Moreover, as long as marriage and childbearing boost men’s income and lower women’s income (Ahituv and Lerman 2007; Brynin and Schupp 2000; Budig and England 2001; Budig and Hodges 2010; Cohen 2002; Miller 2011; Waldfogel 1998), maintaining separate purses (even if done with progressive, feminist intentions) exacerbates the already-substantial gender gap in economic wellbeing. This is furthered by the unequal housework burden—women still perform a disproportionate share of household labor—and time devoted to unpaid work lowers earned income (Bryan and Sevilla-Sanz 2011).

For these reasons, gender inequality in intimate relationships increases the gender gap in earnings. Under an “equal inputs” system, the cost of a woman’s relationship wage penalty—for doing the majority of housework and care work, and simply from being married and perhaps a mother—is not evenly distributed within the couple. Nor is the man's relationship wage bonus—rather, she simply has less spending money while he has more. Finally, in independent or partially-pooled systems, women may more often spend their personal money on joint goods (household items, children), further exacerbating the gender gap in access to discretionary spending for personal items (see discussion in Vogler 2006).

Who controls the joint purse strings?

Keeping separate purses may be problematic, but maintaining a single pool may conceal rather than eliminate within-household economic inequality. Whether money is pooled fully, partially, or not at all, men tend to have greater control over how it is spent (Vogler, Clare, and Wiggins 2008). Moreover, even when income is fully pooled, the source of the money can give it meaning, earmarking it for certain types of expenditures or granting one partner greater discretion over its use. Whichever spouse earns more is able to spend more and control major purchases and financial decisions (Lise and Seitz 2011; Vogler, Clare, and Wiggins 2008). However, making one-sided, autonomous decisions may cause or reflect problems in the relationship. When either partner (regardless of gender) makes autonomous decisions about spending, both partners may be less satisfied with their family lives, and even with their lives in general, as compared to couples who make joint decisions. Perhaps financial autonomy or disproportionate control conflicts with norms about family cohesiveness and cooperation; alternatively, less satisfied couples may be more prone to one-sided financial decisions.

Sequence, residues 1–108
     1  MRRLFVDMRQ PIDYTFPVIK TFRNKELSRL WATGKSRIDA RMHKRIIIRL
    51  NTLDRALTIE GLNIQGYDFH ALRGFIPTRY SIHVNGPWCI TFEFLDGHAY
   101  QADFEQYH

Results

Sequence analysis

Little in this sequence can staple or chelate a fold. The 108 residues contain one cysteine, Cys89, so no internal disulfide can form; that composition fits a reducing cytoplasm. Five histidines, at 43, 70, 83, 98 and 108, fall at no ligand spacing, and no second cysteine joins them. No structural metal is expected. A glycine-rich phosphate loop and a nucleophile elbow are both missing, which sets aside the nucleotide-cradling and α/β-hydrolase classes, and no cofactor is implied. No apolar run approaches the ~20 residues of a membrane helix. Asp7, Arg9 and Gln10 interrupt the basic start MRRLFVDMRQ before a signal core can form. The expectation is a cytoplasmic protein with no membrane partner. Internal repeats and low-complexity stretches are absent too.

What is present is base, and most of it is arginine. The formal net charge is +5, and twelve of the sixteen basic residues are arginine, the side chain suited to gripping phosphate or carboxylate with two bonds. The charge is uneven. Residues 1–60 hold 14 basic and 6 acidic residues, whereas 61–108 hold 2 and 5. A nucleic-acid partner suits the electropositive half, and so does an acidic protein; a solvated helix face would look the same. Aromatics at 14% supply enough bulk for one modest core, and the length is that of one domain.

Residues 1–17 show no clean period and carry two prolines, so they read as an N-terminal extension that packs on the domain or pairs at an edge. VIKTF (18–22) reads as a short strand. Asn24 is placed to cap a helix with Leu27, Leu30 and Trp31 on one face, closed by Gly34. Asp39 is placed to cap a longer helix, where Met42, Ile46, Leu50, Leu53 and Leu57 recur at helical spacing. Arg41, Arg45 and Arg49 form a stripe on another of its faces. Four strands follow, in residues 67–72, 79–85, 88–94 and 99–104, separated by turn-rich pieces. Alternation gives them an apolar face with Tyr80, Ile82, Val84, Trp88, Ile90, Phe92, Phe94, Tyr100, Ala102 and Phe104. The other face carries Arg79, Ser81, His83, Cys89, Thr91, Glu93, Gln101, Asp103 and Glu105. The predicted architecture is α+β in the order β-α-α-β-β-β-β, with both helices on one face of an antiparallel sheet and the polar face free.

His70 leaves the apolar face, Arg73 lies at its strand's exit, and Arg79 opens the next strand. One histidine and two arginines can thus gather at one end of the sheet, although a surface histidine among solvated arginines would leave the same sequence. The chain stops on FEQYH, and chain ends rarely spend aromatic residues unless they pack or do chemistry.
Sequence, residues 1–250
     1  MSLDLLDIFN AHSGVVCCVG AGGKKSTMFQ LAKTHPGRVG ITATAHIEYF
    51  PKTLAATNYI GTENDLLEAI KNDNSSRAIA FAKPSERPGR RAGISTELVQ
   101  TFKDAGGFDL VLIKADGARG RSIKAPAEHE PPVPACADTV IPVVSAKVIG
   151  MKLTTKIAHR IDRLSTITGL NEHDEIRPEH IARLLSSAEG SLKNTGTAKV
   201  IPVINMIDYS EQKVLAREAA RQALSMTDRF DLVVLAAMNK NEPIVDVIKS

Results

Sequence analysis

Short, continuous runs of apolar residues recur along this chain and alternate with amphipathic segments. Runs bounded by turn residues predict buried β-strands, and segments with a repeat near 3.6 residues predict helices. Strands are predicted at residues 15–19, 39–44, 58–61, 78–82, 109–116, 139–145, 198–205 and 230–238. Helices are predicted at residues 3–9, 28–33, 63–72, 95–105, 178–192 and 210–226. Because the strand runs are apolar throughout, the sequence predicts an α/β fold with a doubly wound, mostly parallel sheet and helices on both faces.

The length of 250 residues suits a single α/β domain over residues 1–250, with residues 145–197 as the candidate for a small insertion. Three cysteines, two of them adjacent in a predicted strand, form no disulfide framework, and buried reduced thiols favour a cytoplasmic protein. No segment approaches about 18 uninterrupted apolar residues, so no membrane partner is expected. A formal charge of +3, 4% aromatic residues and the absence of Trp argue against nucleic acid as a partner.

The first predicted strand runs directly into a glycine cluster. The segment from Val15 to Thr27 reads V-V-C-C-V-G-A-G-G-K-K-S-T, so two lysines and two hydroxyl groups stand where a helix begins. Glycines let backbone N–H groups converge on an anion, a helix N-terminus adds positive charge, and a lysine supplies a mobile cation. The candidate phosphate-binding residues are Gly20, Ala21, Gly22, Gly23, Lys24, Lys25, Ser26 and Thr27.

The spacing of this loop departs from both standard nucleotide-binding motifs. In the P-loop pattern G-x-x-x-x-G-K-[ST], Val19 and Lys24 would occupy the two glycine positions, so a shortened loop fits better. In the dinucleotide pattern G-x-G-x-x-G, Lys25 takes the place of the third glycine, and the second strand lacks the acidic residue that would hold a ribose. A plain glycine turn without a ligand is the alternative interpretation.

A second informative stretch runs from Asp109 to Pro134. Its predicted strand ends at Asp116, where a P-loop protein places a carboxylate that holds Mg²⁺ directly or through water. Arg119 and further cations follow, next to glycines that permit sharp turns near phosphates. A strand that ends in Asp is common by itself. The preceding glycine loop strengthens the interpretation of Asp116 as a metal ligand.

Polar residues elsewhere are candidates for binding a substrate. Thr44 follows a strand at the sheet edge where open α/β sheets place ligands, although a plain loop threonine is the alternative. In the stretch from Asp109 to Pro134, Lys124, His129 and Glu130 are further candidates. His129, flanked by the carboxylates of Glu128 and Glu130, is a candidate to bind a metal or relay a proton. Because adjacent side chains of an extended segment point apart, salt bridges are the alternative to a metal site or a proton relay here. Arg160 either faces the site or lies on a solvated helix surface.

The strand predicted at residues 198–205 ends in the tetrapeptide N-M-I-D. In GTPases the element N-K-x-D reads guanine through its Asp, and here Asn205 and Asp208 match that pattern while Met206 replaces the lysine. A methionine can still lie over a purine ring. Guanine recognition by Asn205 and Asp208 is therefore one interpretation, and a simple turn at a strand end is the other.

Accounting has consequences

The ways that couples manage money have consequences: When couples maintain separate purses or have unequal access to a purportedly-joint account, inequality within families is obscured by standard measures of poverty and economic wellbeing. If partners differ in their spending priorities, or their altruism, one spouse may spend her or his “personal” pool of money on joint goods (including children’s expenses), potentially furthering differences in available money for personal spending.